Steve Atkiss, who served as special assistant for operations under President George W. Bush and is now a partner at Command Consulting, said his firm’s private and government clients are looking for ways to mine social media for these kinds of threats.
“One thing those clients have been clamoring for, for several years now, is a tool that would sort through the 50,000 tweets per second that are flying through cyberspace to find what is meaningful to them,” said Atkiss, adding that his firm has recently found software that puts keywords in context. “It’s been a struggle.”
Before Obama was elected president, the threats his Senate office received were so vituperative that Sen. Richard J. Durbin (D-Ill.) and Majority Leader Harry M. Reid (D-Nev.) asked the Secret Service to review whether he needed federal protection. Then-Secret Service Director Mark Sullivan told Congress that the agency was going to have to “pick him up” earlier than any presidential candidate in history, with the exception of Hillary Rodham Clinton, who had an existing detail because of her husband’s time in the Oval Office.
The prospect of the first African American president being assassinated was such a serious concern among some black voters that the Obamas addressed it directly in the campaign. Rep. James E. Clyburn (D-S.C.) said he discussed the matter with Michelle Obama after a high school teacher in his home town of Sumter told him that some of her African American students “were not going to support him. They did not want to see him elected, because somebody would kill him.”
Michelle Obama — who privately talked to Coretta Scott King, the widow of the Rev. Martin Luther King Jr., about the possibility of a presidential assassination before her husband was elected — gave an answer similar to one she gave in a 2007 interview with CBS’s Steve Kroft: that her husband was just as vulnerable as a private citizen.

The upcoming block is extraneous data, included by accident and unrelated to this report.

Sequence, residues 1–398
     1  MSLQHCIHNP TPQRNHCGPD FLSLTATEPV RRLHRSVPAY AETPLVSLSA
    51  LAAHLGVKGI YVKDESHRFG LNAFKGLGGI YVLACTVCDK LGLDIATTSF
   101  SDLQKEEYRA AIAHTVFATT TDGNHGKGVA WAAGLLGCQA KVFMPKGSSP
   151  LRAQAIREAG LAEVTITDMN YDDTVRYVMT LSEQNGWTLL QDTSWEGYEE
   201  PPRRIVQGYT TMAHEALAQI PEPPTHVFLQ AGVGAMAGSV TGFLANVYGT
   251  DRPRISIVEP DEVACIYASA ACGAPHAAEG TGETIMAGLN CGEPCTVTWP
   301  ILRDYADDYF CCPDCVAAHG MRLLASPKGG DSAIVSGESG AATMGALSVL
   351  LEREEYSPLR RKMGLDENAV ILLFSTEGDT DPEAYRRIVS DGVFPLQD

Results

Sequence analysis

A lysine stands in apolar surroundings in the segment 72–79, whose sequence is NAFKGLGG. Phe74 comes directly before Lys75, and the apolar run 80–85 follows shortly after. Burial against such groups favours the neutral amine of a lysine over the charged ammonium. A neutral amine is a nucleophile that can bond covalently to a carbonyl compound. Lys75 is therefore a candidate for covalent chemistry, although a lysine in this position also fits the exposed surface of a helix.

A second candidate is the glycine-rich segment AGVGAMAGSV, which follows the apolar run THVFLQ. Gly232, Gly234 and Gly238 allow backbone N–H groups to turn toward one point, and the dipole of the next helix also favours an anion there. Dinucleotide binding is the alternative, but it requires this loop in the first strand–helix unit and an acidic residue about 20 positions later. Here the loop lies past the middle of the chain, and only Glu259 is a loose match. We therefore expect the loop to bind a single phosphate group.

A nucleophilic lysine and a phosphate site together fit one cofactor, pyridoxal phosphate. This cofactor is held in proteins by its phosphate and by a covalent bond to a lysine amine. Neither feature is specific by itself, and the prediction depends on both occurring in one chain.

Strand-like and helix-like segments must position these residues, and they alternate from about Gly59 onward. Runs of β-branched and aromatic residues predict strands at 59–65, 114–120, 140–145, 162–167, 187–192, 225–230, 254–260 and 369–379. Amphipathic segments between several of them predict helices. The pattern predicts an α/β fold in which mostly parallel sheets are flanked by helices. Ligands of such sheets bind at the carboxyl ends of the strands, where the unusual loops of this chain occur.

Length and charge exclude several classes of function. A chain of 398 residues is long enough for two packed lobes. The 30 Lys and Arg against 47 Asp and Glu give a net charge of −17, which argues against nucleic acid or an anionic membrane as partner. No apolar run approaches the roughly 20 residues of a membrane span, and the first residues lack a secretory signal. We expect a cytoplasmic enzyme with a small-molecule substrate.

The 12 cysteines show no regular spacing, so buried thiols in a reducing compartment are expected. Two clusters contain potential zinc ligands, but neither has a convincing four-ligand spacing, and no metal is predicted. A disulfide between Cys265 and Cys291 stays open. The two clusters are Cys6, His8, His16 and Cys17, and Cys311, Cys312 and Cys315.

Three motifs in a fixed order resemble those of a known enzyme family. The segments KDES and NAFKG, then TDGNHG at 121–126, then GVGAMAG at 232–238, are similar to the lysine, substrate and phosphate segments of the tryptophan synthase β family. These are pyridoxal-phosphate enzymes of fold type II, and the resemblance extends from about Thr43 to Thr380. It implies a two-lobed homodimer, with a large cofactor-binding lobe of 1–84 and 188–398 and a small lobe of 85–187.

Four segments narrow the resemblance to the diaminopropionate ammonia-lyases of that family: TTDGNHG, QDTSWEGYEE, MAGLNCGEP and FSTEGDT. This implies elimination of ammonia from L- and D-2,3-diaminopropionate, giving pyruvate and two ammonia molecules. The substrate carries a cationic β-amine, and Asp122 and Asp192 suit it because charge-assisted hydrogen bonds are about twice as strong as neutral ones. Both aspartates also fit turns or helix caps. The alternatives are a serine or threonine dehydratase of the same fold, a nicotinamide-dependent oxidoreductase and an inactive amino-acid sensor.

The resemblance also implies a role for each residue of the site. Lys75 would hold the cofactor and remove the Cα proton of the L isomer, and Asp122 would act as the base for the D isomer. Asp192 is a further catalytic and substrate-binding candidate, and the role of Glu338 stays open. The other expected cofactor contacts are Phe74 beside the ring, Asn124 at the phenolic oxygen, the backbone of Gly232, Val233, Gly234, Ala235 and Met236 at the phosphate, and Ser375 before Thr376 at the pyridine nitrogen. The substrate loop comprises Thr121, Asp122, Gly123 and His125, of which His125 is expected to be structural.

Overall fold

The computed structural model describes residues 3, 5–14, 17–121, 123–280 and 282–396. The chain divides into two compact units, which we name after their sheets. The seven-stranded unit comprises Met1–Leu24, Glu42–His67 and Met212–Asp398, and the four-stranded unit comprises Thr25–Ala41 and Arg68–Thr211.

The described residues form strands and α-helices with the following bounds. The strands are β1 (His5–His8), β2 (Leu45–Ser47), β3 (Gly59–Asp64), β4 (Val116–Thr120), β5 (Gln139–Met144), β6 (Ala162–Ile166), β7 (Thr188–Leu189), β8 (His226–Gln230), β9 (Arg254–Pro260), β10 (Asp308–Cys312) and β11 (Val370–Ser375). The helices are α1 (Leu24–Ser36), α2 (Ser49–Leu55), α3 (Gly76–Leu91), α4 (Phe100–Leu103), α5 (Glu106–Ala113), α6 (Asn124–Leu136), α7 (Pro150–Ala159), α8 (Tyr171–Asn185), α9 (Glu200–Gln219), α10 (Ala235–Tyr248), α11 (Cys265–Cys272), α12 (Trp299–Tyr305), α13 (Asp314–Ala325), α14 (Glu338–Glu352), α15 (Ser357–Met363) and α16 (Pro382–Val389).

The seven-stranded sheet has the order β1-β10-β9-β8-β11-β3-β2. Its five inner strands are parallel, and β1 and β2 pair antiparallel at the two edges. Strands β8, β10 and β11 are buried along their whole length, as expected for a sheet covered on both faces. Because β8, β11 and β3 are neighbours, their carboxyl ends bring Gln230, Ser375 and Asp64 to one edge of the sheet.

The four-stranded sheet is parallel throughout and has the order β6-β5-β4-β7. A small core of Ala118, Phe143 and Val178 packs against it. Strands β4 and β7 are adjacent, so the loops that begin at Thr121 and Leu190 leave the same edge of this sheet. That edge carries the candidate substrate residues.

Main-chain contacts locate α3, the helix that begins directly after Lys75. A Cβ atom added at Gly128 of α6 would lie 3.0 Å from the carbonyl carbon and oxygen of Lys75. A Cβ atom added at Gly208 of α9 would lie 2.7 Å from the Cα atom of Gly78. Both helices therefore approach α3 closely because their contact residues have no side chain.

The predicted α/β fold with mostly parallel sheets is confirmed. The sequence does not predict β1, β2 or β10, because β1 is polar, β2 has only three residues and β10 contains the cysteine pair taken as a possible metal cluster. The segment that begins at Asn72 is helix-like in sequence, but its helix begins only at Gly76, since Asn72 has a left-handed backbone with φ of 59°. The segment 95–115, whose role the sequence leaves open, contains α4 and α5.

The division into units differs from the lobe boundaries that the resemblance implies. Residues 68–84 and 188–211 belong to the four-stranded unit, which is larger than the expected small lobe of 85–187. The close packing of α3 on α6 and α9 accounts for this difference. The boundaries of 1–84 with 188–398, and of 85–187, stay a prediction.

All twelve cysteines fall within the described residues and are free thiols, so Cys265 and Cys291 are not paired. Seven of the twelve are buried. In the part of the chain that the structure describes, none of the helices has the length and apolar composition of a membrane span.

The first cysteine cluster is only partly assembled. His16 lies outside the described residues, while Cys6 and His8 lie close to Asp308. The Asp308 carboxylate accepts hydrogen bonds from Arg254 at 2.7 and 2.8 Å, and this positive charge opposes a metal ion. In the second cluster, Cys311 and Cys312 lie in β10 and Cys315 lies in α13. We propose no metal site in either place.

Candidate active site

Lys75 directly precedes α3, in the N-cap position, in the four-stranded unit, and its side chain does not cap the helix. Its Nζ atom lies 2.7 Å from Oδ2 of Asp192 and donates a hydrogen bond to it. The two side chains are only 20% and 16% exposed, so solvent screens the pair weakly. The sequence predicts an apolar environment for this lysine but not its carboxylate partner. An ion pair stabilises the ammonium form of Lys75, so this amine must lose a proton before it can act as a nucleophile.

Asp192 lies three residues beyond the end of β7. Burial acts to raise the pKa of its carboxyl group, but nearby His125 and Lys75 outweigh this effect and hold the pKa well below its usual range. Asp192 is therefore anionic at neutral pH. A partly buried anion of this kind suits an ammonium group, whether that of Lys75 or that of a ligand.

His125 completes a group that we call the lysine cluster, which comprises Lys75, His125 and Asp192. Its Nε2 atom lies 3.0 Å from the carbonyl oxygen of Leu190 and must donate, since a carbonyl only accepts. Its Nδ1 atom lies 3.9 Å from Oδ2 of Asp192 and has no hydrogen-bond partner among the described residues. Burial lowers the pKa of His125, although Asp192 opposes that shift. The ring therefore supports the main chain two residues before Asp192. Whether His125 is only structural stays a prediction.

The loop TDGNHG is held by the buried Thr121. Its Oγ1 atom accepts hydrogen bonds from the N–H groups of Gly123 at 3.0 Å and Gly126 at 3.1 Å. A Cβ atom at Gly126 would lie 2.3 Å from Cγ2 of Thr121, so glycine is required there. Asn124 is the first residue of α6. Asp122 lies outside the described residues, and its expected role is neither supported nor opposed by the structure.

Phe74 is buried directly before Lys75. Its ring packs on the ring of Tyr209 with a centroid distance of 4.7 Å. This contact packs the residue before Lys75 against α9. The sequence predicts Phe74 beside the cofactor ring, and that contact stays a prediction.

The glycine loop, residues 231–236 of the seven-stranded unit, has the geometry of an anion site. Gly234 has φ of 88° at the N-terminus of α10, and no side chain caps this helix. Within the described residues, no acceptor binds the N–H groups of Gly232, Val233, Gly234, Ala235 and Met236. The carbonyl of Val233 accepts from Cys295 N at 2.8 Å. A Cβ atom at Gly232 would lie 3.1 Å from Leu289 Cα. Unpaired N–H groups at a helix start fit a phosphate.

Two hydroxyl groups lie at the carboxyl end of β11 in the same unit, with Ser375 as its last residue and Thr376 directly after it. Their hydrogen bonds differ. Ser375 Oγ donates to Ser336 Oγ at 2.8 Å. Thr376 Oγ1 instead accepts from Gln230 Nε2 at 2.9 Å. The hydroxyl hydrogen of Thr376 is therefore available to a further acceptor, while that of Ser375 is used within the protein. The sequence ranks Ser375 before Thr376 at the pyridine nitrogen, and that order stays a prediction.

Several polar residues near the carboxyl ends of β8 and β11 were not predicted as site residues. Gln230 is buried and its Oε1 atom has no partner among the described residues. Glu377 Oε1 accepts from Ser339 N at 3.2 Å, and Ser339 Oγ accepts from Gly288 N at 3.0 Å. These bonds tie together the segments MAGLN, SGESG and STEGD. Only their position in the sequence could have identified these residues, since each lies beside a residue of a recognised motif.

“I don’t lose sleep over it, because the realities are, as a black man, Barack can get shot going to the gas station, you know,” she said in the interview. “So you can’t make decisions based on fear and the possibilities of what might happen. We just weren’t raised that way.”
Secret Service officials also ask aides to Cabinet members to notify the agency if they receive any menacing communications that have racial overtones and mention the president, according to people familiar with the matter.
Government overreach has been a major theme in this year’s midterm campaigns as Republicans have accused Obama of overstepping the bounds of his executive authority. It also has had a violent tone at times, such as Nevada rancher Cliven Bundy’s campaign to take up arms against Bureau of Land Management officials who sought to round up his cattle after he refused to pay federal grazing fees for years.
Rep. John Lewis (D-Ga.) said in an interview that “there’s a meanness in American society today that reminds me of the period in our history, the civil rights period, where it was dangerous to speak up and speak out.”
But Lewis, who spoke with the Obamas at the Congressional Black Caucus Foundation’s recent annual dinner, said the revelations about potential vulnerabilities in the White House’s security system did not seem to be affecting the first couple.
“I don’t think they live in fear. None of us live in fear,” Lewis said, referring to prominent African American political figures. “You’re not preoccupied with what might or might not happen. You just do what you have to do.”
Quick, can you tie an interview with Seahawks quarterback Russell Wilson to an irrational hatred for the First Lady? No? Well then I guess you can’t be on Fox News.
“Can this Seattle Super Bowl champ do what Michelle Obama could not?” Cavuto asked during a teaser for the interview. “Food for thought from the guy dishing it out.”
I forget if Neil Cavuto is on the “real news” side of Fox News, but since that was never actually a thing, I guess not.